I just finished my twelfth hour of coaching, a core component of my Master’s degree in Applied Positive Psychology and Coaching Psychology.
Frankly, I feel elated. But when I thought “I’ll write a blog about this feeling,” my inner critic leapt up and shouted “OI! You should be doing coursework! Don’t let one victory make you complacent! You are still WAY behind!”
This reaction made me laugh, because the aspect of coaching that has resonated most with me so far is the concept of ‘performance inhibiting thoughts’, or PITs. We all know them, those cranky little digs we give ourselves about the things we ‘should’ or ‘must’ do, or the reminders that we are ‘always’ doing this, or that someone else is a big fat so and so, and as far as you’re concerned that’s that.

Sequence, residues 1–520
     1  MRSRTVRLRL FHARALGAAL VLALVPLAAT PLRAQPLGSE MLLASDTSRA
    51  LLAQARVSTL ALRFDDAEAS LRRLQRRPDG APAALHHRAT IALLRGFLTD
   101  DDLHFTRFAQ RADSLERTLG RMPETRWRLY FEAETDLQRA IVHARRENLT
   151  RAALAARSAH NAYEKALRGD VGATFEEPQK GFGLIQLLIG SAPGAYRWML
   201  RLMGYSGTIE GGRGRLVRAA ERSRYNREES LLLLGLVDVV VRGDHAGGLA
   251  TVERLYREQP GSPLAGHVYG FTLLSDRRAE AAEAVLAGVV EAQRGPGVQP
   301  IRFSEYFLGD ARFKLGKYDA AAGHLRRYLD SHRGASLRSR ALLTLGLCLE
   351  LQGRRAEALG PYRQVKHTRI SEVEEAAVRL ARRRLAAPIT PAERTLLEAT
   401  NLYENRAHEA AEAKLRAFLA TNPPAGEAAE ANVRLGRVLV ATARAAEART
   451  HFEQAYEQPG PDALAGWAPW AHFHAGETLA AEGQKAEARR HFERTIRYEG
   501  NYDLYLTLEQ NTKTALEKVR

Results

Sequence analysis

Since I’ve learned about them I’ve been calling myself out a million times a day. The above examples are just a few of the many ways our inner critics seek to sabotage us on a daily basis.
The key to moving past them is as follows:
- Notice when you do it – all the times you label yourself or someone else, the times you overgeneralise or catastrophise situations, the times your views are rigid. Just catch yourself, make a mental note, or even write it down if you like (that’s a great way of internalising it and means you are more likely to succeed in conquering it).
- When you have a quiet moment, sit down and read through the list of PITs you have picked up on.
- For each one, challenge the assumption, and reframe it in a positive way. Write the new thought down beside the old one.
- Next time you catch yourself doing it, recall the associated Performance Enhancing Thought (PET).
- With practice, you will re-train your brain!
Thus ends today’s lesson in Cognitive Behavioural Coaching. You’re welcome 😉